Woman sells grandmother’s ring to financially survive the pandemic

INDIANAPOLIS (WISH) —With many Americans expected to get their COVID-19 relief money this week, there are still plenty of stories that show the kind of financial pain many families are feeling due to the pandemic.

One Indianapolis woman made a deeply personal and difficult decision to sell her grandmother’s wedding ring just to survive financially.

“It hurts my heart,” said Kate Martin.

When 2020 began, Martin never pictured her life like this.

“Just imagine being afraid everyday,” said Martin.

She lost her job in Indianapolis, which provided housing for her and her emotional support dog, back in February. Being college-educated and always employed, she figured she would quickly be back on her feet. However, the pandemic began and shut down the state along with most of her employment options.

“We were homeless for five-and-a-half months,” said Martin.

Now she’s nannying and working in retail, but it wasn’t enough to cover all of her expenses.

“I think almost anyone who has been affected economically by COVID can say that pride goes out the window,” said Martin.

That’s where her grandmother’s engagement ring comes in. Martin said she had no other choice than to sell the ring. In desperation, she made a post about the sale to Facebook Marketplace. She was ready to say goodbye to the family heirloom, offering it for half its value, to anyone who would keep the ring whole.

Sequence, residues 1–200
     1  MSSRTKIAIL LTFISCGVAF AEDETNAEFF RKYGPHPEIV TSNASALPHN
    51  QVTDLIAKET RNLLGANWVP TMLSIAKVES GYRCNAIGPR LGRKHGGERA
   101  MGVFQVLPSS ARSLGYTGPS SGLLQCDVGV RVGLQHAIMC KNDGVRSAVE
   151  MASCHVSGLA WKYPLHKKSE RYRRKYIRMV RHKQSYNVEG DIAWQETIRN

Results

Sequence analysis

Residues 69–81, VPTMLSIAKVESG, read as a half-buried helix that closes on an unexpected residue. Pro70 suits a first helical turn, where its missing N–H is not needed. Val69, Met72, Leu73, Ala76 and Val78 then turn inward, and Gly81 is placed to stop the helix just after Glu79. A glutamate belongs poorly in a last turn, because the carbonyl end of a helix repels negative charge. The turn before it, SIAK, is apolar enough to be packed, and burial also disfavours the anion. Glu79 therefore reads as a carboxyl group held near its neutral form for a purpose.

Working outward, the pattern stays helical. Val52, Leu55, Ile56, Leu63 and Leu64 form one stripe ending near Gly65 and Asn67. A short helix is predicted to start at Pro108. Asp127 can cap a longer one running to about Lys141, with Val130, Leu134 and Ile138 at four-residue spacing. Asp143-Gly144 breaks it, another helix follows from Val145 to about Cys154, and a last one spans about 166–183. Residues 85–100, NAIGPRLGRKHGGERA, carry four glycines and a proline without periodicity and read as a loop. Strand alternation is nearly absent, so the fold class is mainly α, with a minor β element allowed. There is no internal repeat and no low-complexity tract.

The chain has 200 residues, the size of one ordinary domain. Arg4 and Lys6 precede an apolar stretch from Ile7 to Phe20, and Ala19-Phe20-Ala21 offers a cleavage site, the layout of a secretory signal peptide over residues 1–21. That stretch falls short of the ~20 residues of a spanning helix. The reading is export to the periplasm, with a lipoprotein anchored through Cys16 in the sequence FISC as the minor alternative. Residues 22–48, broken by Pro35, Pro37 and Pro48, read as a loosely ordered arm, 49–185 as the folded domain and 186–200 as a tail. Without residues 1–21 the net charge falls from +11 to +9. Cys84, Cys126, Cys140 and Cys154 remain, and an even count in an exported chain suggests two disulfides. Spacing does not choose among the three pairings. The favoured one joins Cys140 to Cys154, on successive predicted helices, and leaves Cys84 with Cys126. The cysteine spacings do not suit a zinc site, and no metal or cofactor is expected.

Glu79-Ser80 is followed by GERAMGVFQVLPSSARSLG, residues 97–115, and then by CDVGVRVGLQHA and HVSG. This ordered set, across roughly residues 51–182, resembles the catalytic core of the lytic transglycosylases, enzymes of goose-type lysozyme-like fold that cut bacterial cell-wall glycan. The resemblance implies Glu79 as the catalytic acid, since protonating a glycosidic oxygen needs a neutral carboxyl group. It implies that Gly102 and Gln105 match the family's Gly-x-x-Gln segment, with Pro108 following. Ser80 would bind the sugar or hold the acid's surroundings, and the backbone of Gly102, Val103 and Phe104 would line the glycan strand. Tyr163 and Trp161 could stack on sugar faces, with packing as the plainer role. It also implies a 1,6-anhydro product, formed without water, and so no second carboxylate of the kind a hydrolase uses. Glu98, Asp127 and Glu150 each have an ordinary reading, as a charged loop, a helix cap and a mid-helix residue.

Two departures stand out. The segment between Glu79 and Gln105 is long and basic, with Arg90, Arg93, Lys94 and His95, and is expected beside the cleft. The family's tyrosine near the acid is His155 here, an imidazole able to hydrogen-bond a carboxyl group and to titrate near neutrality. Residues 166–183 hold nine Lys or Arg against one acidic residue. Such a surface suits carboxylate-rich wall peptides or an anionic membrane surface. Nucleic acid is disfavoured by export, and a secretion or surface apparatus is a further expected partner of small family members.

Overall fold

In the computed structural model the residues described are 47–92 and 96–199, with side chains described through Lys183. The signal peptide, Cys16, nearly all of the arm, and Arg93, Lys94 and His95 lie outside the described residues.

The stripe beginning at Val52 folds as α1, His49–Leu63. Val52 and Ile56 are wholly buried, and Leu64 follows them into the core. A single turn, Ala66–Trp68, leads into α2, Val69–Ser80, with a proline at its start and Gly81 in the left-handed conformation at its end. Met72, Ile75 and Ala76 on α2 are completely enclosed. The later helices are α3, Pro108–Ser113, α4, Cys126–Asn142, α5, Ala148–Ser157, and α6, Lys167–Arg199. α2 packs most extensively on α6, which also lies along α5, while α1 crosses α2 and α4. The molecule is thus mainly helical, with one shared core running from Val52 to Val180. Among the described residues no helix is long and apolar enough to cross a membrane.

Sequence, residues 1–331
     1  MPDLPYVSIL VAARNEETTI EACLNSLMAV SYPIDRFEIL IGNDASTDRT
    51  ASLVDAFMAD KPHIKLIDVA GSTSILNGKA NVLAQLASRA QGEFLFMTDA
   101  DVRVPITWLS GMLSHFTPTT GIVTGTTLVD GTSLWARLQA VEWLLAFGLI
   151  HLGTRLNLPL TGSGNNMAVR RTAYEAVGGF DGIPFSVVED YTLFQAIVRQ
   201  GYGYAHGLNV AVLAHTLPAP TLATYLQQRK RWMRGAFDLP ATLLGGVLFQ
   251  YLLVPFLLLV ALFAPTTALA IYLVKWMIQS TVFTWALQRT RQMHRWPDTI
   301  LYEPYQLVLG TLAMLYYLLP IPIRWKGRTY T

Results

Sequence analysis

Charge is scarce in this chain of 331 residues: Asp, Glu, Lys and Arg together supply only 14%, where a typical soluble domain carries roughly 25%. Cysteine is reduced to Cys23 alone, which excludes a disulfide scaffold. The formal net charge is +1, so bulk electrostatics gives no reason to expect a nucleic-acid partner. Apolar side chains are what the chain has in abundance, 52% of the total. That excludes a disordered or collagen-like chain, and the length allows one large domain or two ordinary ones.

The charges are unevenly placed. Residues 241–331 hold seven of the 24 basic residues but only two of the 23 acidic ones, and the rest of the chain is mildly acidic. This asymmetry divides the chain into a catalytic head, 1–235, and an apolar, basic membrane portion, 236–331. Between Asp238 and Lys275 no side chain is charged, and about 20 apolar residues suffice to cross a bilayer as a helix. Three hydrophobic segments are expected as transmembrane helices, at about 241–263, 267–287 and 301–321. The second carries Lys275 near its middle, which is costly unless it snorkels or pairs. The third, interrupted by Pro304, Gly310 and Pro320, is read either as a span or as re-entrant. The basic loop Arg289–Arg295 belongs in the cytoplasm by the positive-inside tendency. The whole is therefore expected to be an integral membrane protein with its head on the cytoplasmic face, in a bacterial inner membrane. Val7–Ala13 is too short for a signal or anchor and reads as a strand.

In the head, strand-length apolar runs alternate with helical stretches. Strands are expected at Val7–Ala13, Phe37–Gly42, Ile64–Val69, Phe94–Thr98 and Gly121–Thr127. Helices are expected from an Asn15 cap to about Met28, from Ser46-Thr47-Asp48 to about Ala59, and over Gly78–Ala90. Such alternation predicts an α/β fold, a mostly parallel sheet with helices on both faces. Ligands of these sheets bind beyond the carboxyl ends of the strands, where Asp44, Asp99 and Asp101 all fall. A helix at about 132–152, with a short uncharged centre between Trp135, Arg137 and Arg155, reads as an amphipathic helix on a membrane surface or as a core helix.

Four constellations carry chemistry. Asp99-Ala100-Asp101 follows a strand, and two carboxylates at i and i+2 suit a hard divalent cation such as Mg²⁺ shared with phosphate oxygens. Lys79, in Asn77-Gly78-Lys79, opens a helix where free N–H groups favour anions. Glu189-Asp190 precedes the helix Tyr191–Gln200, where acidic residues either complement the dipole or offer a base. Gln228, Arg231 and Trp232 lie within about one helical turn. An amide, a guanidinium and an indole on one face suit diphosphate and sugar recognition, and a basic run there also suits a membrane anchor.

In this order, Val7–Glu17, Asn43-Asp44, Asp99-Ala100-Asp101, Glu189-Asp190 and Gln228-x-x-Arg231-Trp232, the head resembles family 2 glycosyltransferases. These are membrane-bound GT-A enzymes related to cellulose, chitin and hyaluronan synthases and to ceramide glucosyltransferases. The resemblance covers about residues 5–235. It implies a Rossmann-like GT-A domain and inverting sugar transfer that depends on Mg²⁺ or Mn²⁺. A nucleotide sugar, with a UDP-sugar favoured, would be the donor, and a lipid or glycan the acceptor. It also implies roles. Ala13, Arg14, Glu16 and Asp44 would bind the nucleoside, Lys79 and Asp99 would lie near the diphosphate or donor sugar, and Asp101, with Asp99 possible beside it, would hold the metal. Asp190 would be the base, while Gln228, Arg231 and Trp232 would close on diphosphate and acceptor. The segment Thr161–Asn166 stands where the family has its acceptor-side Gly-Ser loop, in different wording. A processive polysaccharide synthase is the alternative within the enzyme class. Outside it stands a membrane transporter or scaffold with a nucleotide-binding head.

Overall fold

“They were married for 50 years, they got married actually on Christmas Eve, eve. And, I don’t have anything else from them other than her ring and it has just gotten to a point where I would of course never for fun and giggles sell something so valuable and important, but it is the only thing we have,” said Martin.

Like many people across the country, Martin is resorting to measures she never imagined. The $900 billion COVID-19 relief package with more unemployment benefits is encouraging, but Martin questions whether it is enough.

“I am so glad to have seen the stimulus. Another round is coming for people who are actually in desperation, but for many of us that won’t even cover one month’s rent,” said Martin.

The House of Representatives voted to increase relief payments from $600 to $2,000 this week. Now the choice is in the Senate’s hands. Still, people like Martin are making their own difficult choices.

“I just want somebody who will see it as the treasure it is,” said Martin.

Unexpectedly, Martin said an old colleague decided to give a helping hand this week. They bought the ring and are offering to sell it back when Martin is back on her feet. After selling the ring, Martin is in a better place financially. Now as 2020 comes to an end, there’s hope. Still, the pandemic’s impact won’t end with the year.

“We are far from this being over with the repercussions of what this is doing to people financially,” said Martin.